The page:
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Rockhouse hotel sizzles - Market-to-table produce impresses locals

Published:Thursday | May 3, 2012 | 12:00 AM
Linstead Market ackee and codfish risotto served with breadfruit weaved basket crisp. - photos by Sheena Gayle
Farmers' Market salad with medley lettuce from bancra basket, drizzled with a warm tomato vinaigrette.
Old Mas Charlie farm-raised roast chicken.
Lionfish Negril style - pan-fried lionfish with mango escoveitch
Triple treat (from left): Delicious cassava pudding with ice cream, sweet potato cake tropicale and tally mi banana crepe brulee dessert.
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 Sheena Gayle, Gleaner Writer

Western Bureau:

As one of the leading resorts in environmentally sustainable tourism, Rockhouse made sure it led the charge to celebrate the success of the Negril Farmers' Market with its Market To Table dinner last Wednesday.

The picturesque boutique resort, nestled on the cliffs of Negril's coastline, treated guests to a delectable three-course dinner made of freshly grown Jamaican produce purchased at the Negril Farmers' Market.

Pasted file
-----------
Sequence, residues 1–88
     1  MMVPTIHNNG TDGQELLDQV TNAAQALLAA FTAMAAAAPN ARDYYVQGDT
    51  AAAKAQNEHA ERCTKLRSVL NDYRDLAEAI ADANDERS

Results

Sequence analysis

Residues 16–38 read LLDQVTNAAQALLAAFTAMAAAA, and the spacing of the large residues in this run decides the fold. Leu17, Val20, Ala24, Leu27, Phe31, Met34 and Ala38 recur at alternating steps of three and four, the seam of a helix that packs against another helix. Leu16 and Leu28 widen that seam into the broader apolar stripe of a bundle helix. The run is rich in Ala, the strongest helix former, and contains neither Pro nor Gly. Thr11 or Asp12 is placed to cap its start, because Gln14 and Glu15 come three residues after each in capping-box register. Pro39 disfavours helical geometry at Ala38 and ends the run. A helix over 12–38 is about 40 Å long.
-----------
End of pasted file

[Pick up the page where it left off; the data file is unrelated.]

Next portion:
Award-winning chef, Kevin Broderick, wowed foodies present with his Linstead Market ackee and codfish risotto served with breadfruit weaved basket crisp. This appetiser went down well. It was clear that Broderick was on a mission to showcase how well Jamaican dishes can compare to other international cuisines in taste and presentation.

Many of the guests were having for the first time a risotto made of ackee and codfish filled with potent flavours from the Jamaican Scotch bonnet pepper.

Jamaica's yellow yam was given an unusual culinary twist - prepared in the form of a soup with sweet corn chowder, as opposed to being served in slices.

The farmers' market salad made from a medley of lettuce in a branca basket drizzled with warm tomato vinaigrette cleansed the palate well in preparation for the main course that did not disappoint.

Enhancing the local flavour and veneer of the event, each meal was culturally themed. There was the old Mas Charlie farm-raised roast chicken - an organic deboned chicken with stuffed vegetables. Guests were able to appreciate the taste naturally grown poultry without the use of hormones.

It was no surprise that the lionfish dish was among the favourites at the dinner. Its smooth texture and naturally flavoured taste was a must-have, especially since it was escoveitched with mango.

Dessert was a triple treat of sweet delights on one platter - tally mi banana créme brulee, sweet potato cake tropicale and cassava pudding with ice cream offered a brilliant close to an evening that celebrated Jamaican produce.

sheena.gayle@gleanerjm.com